The Rover Boys In The Mountains by Edward Stratemeyer
19. Dick And The Wildcat.
"Well, it's mighty funny Tom and Sam don't come up."
It was Dick who spoke. He stood in the shelter of a number of walnut trees, and close at hand was John Barrow.
The pair had missed the others ten minutes before, and were now waiting impatiently for their reappearance.
"It can't be as how they missed the trail in this snow," said John Barrow soberly. "Let us shout for 'em."
They set up a shout, and waited impatiently for an answer. But none came, and they called again.
"We had better go back for them," said Dick, his face full, of a troubled look. "I wouldn't have them get lost in this snowstorm for the world."
It was decided to leave the sled where it was, and soon they were hurrying along the back trail. But the snow and wind were against them, and they made slow progress.
"It will not be necessary to relate all the particulars of the next three hours. In vain they looked for Tom and Sam. Not a trace of the missing lads could be discovered.
"This the worst yet!" groaned Dick, as he came to a halt, all out of breath. "I thought, all along, that they were keeping close behind us!"
"I told them to do so," returned the guide.
They had fired several shots, but the reports had failed, as we know, to reach the ears of the missing Rovers. They were now at their wits' end regarding what to do next.
"I'd give a hundred dollars rather than have this happen," went on Dick. "Why, they'll starve to death if they really get lost!"
"Oh, aint you mistaken there, Dick? They have the other sled, remember; and each o' 'em has a gun for to bring down any game as is wanted."
"That's true, and it's one comfort. But there is no telling when they reach civilization again. Why, this forest is about as bad as some places in the far West."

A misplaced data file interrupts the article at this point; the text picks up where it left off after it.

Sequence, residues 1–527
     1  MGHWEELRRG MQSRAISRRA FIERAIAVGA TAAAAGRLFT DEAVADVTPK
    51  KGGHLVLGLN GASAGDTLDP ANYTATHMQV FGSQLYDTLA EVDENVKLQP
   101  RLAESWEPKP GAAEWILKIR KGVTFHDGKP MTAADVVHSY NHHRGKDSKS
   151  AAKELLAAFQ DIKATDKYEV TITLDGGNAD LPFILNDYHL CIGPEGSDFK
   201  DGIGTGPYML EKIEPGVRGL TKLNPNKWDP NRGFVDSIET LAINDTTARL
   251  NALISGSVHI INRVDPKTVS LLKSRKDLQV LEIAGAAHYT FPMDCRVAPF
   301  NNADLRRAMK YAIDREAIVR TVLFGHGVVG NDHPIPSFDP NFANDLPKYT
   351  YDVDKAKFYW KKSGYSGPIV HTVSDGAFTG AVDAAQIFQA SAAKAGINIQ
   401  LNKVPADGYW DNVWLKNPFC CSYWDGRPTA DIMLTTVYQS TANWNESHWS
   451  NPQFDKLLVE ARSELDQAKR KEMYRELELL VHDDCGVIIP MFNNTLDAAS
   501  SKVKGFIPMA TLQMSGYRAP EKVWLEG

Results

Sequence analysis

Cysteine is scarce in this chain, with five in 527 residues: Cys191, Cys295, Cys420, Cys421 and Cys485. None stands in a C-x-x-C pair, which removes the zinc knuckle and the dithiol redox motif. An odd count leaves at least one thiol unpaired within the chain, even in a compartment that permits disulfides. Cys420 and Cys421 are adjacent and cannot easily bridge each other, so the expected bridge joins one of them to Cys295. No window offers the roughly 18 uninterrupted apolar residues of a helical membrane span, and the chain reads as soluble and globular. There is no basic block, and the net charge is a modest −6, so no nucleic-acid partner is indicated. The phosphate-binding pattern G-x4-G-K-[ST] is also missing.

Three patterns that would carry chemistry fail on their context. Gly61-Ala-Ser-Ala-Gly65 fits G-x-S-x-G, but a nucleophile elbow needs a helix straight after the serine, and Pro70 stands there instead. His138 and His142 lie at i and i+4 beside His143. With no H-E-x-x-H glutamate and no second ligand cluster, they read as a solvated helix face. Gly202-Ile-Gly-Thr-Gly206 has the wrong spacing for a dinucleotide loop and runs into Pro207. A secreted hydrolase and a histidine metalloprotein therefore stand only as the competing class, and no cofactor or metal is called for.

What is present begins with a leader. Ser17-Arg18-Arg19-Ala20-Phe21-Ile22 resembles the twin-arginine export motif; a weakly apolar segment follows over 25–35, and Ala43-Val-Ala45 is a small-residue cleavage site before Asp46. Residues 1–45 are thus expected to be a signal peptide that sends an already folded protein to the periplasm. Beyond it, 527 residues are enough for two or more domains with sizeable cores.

"I believe you there, lad. Well, they've got to make the best o' it. I reckon they'll strike out for the river and come up that to Bear Pond, over the rocks an' rapids an' all."
Supper time found the pair on the river again, four miles below Bear Pond. It was decided that they should camp at that spot for the night.
"We'll build a big camp-fire and keep it a-going," said Dick. "Perhaps they will see it."
"That's an idee," returned John Barrow, and before doing anything else the camp- fire was started, in an open spot along the river bank. Dick saw to it that it blazed up merrily, and kept piling on all the dry brushwood he could find, until the flames shot up fully twenty feet into the air, making the surroundings as bright as day.
For supper they cooked another of the wild turkeys, but it must be confessed that Dick had little appetite for eating. John Barrow noticed it, and he did his best to cheer up the youth.
"Don't worry too much, lad," he said. "Take my word on it, they'll turn up by morning, sure. You've said yourself they've been through putty tryin' times, in Africa out West."
On the way to the river John Barrow had brought down several rabbits and some birds, and these were hung up on the low branches of a nearby tree. They proceeded to make themselves comfortable under this tree, cutting down some cedar branches for a flooring, and banking up some other branches and some snow to keep off the wind.
"I don't think I'll go to sleep," said Dick. "I'm going to keep the fire piled high, so that it will light up as it's doing now."
"Then I'll turn in right away," answered the guide. "It's eight o'clock. You call me at two, and that will be givin' you a fair nap afore daybreak." And so it was agreed.
It did not take John Barrow long to settle himself, and soon he was snoring as peacefully as though lying in his bed at home. Sitting down close to the fire, Dick gave himself up to his thoughts.
And what numerous thoughts they were--of home and of school, of his brothers, and of the Baxters and their other enemies, and of all that had happened since they had first started to go to Putnam Hall. And then he thought of the Lanings and of the Stanhopes, and lingered long over the mental picture of sweet Dora and of what she had last said to him.